In a dimly lit theater, a jazz quartet played while a teenager crossed the stage to a microphone. The enthusiastic audience applauded in anticipation. But it wasn't time to sing. Instead, it was poetry performing time.
Long ago, poems were recited out loud instead of being written down. Back when the Greeks first started the Olympics, they held poetry contests as well as athletic competitions. Now, poetry competitions have been revived. This year 120,000 high school students competed in the first Poetry Out Loud national recitation contest, performing poems from memory for $100,000 in prizes.
The first competitions were held in classrooms. The winners went on to schoolwide contests, and then they competed in city and state competitions. Finally, the 50 state champions, along with the District of Columbia champion, descended upon Washington, D.C., last week for the ultimate showdown.
After the 51 champions competed against one another, 12 went on to the finals. Then the field was narrowed to five. The final five had one last chance to "perform" a poem. The overall champ, Jackson Hille, a high school senior from Ohio, won a $20,000 scholarship.
The National Endowment for the Arts and the Poetry Foundation started Poetry Out Loud because they realized that hearing a poem performed is a different experience from reading it on a page.
It's not just a matter of saying the words in the right order. It's the tone of voice, the pauses, the gestures, and the attitude of the person performing that bring the words to life. "What most people like is to hear a great poem recited well," says Dana Gioia, chairman of the National Endowment for the Arts.
"Each time we hear somebody recite a poem, we understand again what we found fresh and interesting about it," says National Public Radio broadcaster Scott Simon, master of ceremonies for the finals. Hearing it in a new voice offers something new for the listener.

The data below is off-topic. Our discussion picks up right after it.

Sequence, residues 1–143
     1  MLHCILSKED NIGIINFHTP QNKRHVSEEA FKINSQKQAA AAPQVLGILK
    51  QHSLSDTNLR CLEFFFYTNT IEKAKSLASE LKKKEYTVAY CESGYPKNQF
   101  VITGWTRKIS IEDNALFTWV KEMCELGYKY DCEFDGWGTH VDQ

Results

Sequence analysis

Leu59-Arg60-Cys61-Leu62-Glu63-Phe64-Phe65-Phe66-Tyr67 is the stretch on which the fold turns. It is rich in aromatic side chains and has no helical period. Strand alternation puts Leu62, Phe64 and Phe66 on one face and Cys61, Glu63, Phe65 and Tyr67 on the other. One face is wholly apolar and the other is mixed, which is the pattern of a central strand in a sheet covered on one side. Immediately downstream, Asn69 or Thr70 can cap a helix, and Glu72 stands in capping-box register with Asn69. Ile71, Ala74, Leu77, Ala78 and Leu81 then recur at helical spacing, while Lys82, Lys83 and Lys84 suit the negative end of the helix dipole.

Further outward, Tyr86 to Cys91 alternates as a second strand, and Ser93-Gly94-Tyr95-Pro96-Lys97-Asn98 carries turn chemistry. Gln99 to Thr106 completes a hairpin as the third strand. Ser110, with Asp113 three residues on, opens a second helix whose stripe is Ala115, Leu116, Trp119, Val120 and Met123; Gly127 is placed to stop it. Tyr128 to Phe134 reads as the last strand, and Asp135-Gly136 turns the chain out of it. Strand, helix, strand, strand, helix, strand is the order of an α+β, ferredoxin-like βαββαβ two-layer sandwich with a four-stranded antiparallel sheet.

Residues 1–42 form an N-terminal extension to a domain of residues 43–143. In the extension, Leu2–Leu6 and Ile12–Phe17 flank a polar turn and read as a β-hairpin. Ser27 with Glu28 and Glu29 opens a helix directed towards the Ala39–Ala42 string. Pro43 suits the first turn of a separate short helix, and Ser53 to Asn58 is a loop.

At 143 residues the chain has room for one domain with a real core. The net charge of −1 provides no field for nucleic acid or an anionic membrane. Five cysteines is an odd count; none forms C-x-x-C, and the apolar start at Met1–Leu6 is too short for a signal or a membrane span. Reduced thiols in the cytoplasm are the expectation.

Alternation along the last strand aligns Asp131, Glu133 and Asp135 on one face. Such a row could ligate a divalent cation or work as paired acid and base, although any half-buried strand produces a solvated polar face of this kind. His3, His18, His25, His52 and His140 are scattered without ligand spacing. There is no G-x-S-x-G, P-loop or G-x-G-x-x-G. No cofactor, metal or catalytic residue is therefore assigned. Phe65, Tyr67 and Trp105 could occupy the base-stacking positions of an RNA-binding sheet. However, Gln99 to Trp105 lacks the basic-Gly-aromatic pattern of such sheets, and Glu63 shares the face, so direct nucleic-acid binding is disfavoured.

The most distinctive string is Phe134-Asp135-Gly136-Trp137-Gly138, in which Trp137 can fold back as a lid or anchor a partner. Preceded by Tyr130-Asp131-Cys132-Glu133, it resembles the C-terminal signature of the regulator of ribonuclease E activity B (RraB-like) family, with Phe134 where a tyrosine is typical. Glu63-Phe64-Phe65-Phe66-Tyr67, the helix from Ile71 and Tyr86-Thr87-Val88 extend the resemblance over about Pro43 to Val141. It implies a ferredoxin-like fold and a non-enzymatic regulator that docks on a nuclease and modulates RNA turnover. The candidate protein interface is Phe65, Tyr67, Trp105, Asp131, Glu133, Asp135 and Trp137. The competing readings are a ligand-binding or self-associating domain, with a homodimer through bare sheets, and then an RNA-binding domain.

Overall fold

Not only do the people hearing the poem have a new experience, the participants get the opportunity to connect with poetry in a new way. "There were poems I liked that I didn't really understand, and I knew by memorizing them, I'd be able to understand them better," explains Johnny Coyle from Virginia. "That has definitely worked."
"One big benefit of Poetry Out Loud is that I've learned a lot of really good poems, and I don't think I'll ever forget them," he adds.
Memorizing and presenting poems does help them understand those poems in a new way, other students agree. Another benefit of a competition such as Poetry Out Loud is that participants learn public-speaking skills that can help them for life.
Students who enjoy acting in school plays were common at the finals, but there were also football players, frisbee golfers, snowboarders, and potential law and nursing students. Teal Van Dyck from New Hampshire, who came in second overall, has her own experimental poetry jam band. [Editor's note: The original version misspelled Van Dyck's last name.]
For most students, getting up in front of strangers and being judged on performance sounds pretty scary - and it was. But it was also fun.
And could these kids rock the mike! Ryan Kelley of North Dakota performed a lively, Irish-lilted version of "Jabberwocky," by Lewis Carroll that made the audience laugh. Aislinn Lowry of Missouri also amused listeners with her animated version of "The Spider and the Fly," by Mary Howitt. Arizona's Jordan McAlpin delivered the humorous "Litany," by Billy Collins, in a wonderful conversational tone.
On a more serious side, New Mexico's Fantasia Lonjose wowed the audience with her majestic rendition of "The Powwow at the End of the World" by Sherman Alexie.
All eyes were glued to Nevada's Gibran Baydoun as he presented "Sympathy," by Paul Laurence Dunbar, and as Chris Estevez from Pennsylvania delivered a hypnotic version of Rhina Espaillat's "Bilingual/Bilingue."
The contestants were rooting for one another. "The funny thing is there was no mean competition here," says Teal, the competitor from New Hampshire. "We were all sitting over there going, "Yea!"
When Jackson Hille took the stage to recite "Forgetfulness," he made his audience forget their seats and their surroundings and just hear poet Billy Collins's words. Jackson was so comfortable with the words that he presented them as if they were his own.
His favorite poets are Ogden Nash and Shel Silverstein, and that enjoyment of funny poetry showed through in his readings. One could read "Forgetfulness" as a tragic poem, but in Jackson's hands, it was full of humor.
Obviously, the audience loved hearing the poems, but the participants enjoyed presenting them, too. Shelby Leigh Taylor, a ninth-grader from Louisiana, showed the enthusiasm that students felt for the Poetry Out Loud experience when asked if she would come back again. "Every year!" she said.